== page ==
A treadmill exercise test (Studio 350/4, Kardiolin, Quinton) was performed (modified protocol by Bruce) for 15 minutes with blood pressure and ECG monitoring. All subjects completed the exercise test with no symptoms or ECG signs of myocardial ischemia.

All tests were performed in the morning (8 am). With the patient in the supine position an intravenous indwelling catheter (18G) was inserted and normal saline (0.9%) was infused at a rate of 1 ml/min during the test. Blood was drawn with the ''two syringe" method. Samples were considered suitable for examination if blood flowed freely in the syringe. In total 4 blood samples were drawn. The first with the patient in the supine position just before the treadmill exercise (45 minutes after the placement of the intravenous catheter), the second sample was drawn after the completion of the first stage of the exercise test (9 min), the third sample at the end of the exercise (15 min) and the fourth in the recovery period with the subject in the supine position for 10 min.

Methods

Platelet aggregation was determined by nephelometry (method by Born). Blood was collected in tubes containing sodium citrate (0.11 M) in 9:1 ratio and centrifuged at 150 × g for 5 min. The resulting platelet-rich (PRP) plasma was kept at room temperature for use within 1 h. The rest of the blood was centrifuged at 1500 × g for 15 min and platelet-poor plasma (PPP) was prepared. Platelet counts were adjusted in each sample with the addition of homologous PPP to 250 ± 50 × 109/L. Platelet aggregation was determined with a four-channel aggregometer (PAP-4 Bio/Data). Platelet aggregation was induced by 50 μl of collagen and 50 μl of ADP to the final concentration of 10 μg/ml of collagen and 1 μM ADP. The aggregometer was adjusted before each experiment so that PRP permitted no light transmittance and the PPP permitted 100% light transmittance. Aggregation was expressed as the maximal percent change in light transmission from baseline, using PPP as a 100% and PRP as 0% reference of aggregation at the end of the recording time. Aggregation curves were recorded for 4 min.

Samples for plasma catecholamine (noradrenaline-NA and adrenaline-ADR) determination were collected in prechiled tubes containing heparin as anticoagulant. Catecholamines were measured with the use of High Performance Liquid Chromatography with Electrochemical Detector (HPLC-ECD).

Samples for plasma ET-1 determination were collected in tubes containing tripotassium ethylenediamine tetra-acetate (K3EDTA). Plasma ET-1 concentrations were determined by radioimmunoassay (Nichols Institute Diagnostics, San Juan Capistrano, CA), after solid-phase extraction on C14 columns, evaporation in vacuum-centrifuge, and reconstruction of the solid remainder.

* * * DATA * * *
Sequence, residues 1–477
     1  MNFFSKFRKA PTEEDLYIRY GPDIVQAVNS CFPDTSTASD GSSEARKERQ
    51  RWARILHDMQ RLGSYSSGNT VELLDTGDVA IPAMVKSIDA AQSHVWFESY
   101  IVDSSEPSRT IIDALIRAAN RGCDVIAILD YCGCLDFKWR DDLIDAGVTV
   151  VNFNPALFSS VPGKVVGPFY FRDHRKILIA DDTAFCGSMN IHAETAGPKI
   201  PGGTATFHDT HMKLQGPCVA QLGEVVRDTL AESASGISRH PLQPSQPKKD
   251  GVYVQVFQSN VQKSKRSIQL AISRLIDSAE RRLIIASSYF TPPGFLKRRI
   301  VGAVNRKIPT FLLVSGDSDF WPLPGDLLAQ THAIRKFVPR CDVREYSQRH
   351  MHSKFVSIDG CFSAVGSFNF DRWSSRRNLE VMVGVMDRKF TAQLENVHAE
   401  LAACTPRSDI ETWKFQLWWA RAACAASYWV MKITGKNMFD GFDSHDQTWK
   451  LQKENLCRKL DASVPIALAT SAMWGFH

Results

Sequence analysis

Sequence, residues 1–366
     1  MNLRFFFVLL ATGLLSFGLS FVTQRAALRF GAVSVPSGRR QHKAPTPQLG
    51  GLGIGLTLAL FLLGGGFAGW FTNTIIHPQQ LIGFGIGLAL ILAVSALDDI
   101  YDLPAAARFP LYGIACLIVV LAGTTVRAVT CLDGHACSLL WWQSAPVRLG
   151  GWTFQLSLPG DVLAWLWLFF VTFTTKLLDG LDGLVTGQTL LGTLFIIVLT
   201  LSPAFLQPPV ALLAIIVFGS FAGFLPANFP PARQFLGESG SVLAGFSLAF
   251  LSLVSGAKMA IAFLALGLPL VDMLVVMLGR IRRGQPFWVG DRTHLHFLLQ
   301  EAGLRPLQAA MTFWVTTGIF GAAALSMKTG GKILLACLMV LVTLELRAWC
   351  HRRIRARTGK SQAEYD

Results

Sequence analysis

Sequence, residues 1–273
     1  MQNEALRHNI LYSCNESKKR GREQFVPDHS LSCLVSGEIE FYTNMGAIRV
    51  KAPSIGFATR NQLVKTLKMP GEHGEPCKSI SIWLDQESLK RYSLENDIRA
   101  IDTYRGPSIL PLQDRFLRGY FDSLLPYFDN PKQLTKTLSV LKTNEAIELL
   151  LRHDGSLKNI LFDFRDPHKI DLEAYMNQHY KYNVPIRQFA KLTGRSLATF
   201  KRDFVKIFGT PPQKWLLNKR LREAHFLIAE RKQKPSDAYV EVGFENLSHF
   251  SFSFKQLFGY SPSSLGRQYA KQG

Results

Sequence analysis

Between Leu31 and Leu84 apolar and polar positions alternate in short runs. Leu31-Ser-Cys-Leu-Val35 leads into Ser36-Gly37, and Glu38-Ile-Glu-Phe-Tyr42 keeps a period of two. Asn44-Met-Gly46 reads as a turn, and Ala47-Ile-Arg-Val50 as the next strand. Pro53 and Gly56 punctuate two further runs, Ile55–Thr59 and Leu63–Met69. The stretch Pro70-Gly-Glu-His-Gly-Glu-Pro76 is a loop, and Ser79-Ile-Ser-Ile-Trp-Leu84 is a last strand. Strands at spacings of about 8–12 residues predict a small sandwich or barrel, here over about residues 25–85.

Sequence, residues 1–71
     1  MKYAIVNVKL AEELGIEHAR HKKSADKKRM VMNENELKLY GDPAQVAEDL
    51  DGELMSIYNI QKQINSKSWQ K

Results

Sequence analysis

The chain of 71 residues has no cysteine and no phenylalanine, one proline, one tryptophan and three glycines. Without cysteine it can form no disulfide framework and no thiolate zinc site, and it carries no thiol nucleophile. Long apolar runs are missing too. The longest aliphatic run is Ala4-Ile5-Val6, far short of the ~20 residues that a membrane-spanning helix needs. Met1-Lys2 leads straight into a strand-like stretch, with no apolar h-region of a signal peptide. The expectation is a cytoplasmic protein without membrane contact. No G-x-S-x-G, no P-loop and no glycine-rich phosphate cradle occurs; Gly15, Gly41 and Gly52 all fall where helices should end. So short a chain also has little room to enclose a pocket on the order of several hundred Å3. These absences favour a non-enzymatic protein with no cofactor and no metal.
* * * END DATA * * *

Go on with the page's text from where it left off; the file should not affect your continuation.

Plasma prostacyclin is highly unstable so we measured the stable product 6-Keto-PGF1a with a radioimmunoassay (DRG Diagnostics). Plasma Thromboxane A2 is also unstable, so we measured the stable metabolite TXB2 by radioimmunoassay (DRG Diagnostics).

We also determined the ratio of 6-keto-prostaglandin-F1a to thromboxane B2 as an index of the balance between antiaggregatory Prostacyclin and pro-aggregatory Thromboxane A2.

Statistical analysis

Analysis was performed using the Statistical Package for Social Sciences (SPSS) 11,5 for Windows (SPSS Inc., Chicago, IL, USA). Results are presented as mean ± standard deviation (mean ± SD). Statistical analyses were carried out using the Independent samples t test and the Mann Whitney U test to compare proportions between 2 different groups, and the 2-tailed paired Student's test and the Wilcoxon Signed Rank Test to compare proportions of the same group in different instants. Values of p <0.05 were considered statistically significant.

Results

The baseline characteristics of the three groups are presented in Table 1. Normal volunteers were younger, leaner and had lower blood pressure than hypertensives and patients with coronary artery disease.
Table 1

Baseline characteristics of patients and healthy volunteers

 

Healthy volunteers n = 18

Hypertensives n = 26

CAD patients n = 16

Male/Female

15/3

22/4

13/3

Age (y)

33.9 ± 6.2

38.1 ± 6 *

40.9 ± 3.9 *

BMI kg/m2

23.54 ± 2.66

28.35 ± 2.57 *

29.07 ± 4.26 *

SBP mmHg

119.1 ± 8

143.2 ± 14.7 *

138.3 ± 21.9 *

DBP mmHg

79.9 ± 4.8

100.9 ± 4 *

91.4 ± 10.1 *